With respect to the first requirement, the United States Supreme Court's decision in National Railroad Passenger Corporation v. Morgan, 536 U.S. 101 (2002) is instructive. In Morgan, the Court held that an "unlawful employment practice" occurs on the day in which an employer engages in a "discrete act" of discrimination. Id. at 111. Discrete acts include "acts such as termination, failure to promote, denial of transfer, or refusal to hire...." Id. at 114. With respect to an employer's refusal to rehire an employee, the United States Court of Appeals for the Fourth Circuit recognizes that such conduct constitutes a discrete act where "new elements of unfairness, not existing at the time of the original violation, attached to denial of reemployment." See E.E.O.C v. City of Norfolk Police Dep't., 45 F.3d 80, 84 (4th Cir. 1995) (citing India v. United Air Lines, Inc., 565 F.2d 554, 561-62 (9th Cir. 1977)); see also Lawson v. Burlington Indus. Inc., 683 F.2d 862, 863-64 (4th Cir. 1982) ("[A] layoff from employment constitutes a completed act at the time it occurred, and... an employer's failure to recall or rehire... constitutes a separate and completed act by the defendant.").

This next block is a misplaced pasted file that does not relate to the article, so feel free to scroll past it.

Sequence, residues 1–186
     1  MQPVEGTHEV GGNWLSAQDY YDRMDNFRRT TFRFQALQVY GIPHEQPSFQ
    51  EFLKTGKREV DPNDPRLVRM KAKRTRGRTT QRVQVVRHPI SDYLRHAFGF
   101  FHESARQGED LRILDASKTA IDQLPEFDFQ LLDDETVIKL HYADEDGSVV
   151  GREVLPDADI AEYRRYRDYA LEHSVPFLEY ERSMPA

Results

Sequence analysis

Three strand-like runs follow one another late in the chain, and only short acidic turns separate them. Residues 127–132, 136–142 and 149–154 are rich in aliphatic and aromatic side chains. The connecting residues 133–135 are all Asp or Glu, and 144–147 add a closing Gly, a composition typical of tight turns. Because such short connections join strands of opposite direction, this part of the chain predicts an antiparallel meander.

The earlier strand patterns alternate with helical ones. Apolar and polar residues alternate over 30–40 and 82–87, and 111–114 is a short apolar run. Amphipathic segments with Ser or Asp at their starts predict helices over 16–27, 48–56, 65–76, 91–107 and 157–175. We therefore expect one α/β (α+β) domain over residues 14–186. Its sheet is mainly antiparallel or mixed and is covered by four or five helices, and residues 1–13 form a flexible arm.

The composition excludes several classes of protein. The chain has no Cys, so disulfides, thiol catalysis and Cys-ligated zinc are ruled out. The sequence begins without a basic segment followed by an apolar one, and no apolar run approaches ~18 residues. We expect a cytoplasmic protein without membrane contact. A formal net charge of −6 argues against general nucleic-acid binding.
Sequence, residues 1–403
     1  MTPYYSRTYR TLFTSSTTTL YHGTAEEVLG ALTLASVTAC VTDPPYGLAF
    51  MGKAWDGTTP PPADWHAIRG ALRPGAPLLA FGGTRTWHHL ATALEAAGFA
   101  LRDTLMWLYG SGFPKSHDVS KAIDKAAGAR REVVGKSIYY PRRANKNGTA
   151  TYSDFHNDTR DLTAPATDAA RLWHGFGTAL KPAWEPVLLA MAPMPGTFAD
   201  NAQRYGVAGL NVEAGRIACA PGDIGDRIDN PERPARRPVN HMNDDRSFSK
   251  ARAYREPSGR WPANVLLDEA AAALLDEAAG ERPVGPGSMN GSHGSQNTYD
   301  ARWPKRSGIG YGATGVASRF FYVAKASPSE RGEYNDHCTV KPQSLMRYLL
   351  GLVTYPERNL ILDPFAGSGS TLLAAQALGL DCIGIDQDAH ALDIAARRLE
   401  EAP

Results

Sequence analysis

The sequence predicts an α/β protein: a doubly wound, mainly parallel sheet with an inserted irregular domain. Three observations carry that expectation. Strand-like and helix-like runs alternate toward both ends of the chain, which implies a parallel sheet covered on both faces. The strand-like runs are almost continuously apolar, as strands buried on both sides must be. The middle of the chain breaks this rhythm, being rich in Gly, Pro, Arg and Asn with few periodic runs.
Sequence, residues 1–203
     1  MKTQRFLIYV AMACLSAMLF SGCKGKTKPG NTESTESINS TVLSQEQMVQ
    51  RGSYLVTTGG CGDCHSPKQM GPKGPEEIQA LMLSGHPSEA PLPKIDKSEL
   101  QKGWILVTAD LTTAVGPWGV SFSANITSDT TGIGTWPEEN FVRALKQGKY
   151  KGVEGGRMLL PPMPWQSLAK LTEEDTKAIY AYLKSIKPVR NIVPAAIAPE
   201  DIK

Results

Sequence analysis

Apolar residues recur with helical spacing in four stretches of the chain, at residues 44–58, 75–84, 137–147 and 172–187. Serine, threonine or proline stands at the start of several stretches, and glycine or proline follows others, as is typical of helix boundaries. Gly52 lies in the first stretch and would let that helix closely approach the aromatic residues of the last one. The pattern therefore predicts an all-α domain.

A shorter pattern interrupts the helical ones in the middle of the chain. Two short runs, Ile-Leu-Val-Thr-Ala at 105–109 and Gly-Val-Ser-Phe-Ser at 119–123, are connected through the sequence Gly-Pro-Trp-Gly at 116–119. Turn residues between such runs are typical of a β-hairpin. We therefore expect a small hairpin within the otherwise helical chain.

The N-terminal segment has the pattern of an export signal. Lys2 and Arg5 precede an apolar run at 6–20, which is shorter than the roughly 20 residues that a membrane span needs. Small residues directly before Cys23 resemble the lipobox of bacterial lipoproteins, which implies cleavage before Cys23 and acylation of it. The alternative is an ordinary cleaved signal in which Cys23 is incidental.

Here, Flowserve terminated Franklin based on its policy against violence in the workplace. Subsequent to his termination, Franklin alleges a white Flowserve employee engaged in the same conduct that produced his termination. Despite engaging in similar conduct, Flowserve refused to terminate the white employee. Franklin then submitted job applications for several positions with Flowserve, all of which were rejected. Under such circumstances, "new elements of unfairness" surround Defendant's refusal to rehire, and I will therefore treat its refusal to rehire Franklin as a "discrete act" of discrimination. Id. at 84; see also India, 565 F.2d at 557-58 (recognizing a failure to rehire qualifies as a discrete act of discrimination where, subsequent to the relevant employee's termination, there is a discriminatory application of the "policy that produced the initial firing"). Thus, Franklin had to file his charge within 300 days of the date on which Flowserve rejected his application. Edwards, 760 F.Supp.2d at 619. As Flowserve rejected Franklin's application on October 17, 2013, [3] and Franklin filed his charge just one month later, Franklin has clearly satisfied the first requirement.